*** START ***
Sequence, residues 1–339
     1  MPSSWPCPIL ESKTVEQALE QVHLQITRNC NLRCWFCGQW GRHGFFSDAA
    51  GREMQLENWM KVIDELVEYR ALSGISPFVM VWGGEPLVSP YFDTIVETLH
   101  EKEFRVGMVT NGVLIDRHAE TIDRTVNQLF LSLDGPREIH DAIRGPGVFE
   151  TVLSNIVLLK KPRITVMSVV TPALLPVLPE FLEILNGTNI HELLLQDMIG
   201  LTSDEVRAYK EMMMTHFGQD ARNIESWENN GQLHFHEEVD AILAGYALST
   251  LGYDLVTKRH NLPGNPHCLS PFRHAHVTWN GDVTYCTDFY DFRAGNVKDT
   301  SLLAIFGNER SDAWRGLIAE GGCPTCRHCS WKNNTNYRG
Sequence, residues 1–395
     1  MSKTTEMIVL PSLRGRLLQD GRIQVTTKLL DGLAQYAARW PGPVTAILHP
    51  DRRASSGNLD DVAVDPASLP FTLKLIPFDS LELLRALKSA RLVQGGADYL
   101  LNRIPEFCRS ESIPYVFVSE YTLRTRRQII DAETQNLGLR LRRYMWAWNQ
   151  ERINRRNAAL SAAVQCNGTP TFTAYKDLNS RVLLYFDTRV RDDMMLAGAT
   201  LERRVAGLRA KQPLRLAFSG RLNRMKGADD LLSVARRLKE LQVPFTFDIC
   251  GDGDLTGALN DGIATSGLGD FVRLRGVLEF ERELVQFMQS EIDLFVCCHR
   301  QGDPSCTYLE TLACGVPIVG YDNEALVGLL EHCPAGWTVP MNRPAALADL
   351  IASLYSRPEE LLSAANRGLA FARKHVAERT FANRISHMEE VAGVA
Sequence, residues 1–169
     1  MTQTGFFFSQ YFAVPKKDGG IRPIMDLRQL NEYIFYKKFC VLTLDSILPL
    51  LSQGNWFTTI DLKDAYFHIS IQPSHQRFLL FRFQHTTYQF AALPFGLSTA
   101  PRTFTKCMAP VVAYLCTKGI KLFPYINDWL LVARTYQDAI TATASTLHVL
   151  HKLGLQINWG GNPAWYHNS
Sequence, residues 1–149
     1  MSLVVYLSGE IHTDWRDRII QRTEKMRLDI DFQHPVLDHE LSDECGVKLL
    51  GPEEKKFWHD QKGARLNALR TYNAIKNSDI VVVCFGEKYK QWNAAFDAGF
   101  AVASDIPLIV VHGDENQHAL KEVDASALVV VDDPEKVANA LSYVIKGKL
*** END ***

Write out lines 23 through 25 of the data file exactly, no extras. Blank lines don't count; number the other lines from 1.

Sequence, residues 1–149
     1  MSLVVYLSGE IHTDWRDRII QRTEKMRLDI DFQHPVLDHE LSDECGVKLL
    51  GPEEKKFWHD QKGARLNALR TYNAIKNSDI VVVCFGEKYK QWNAAFDAGF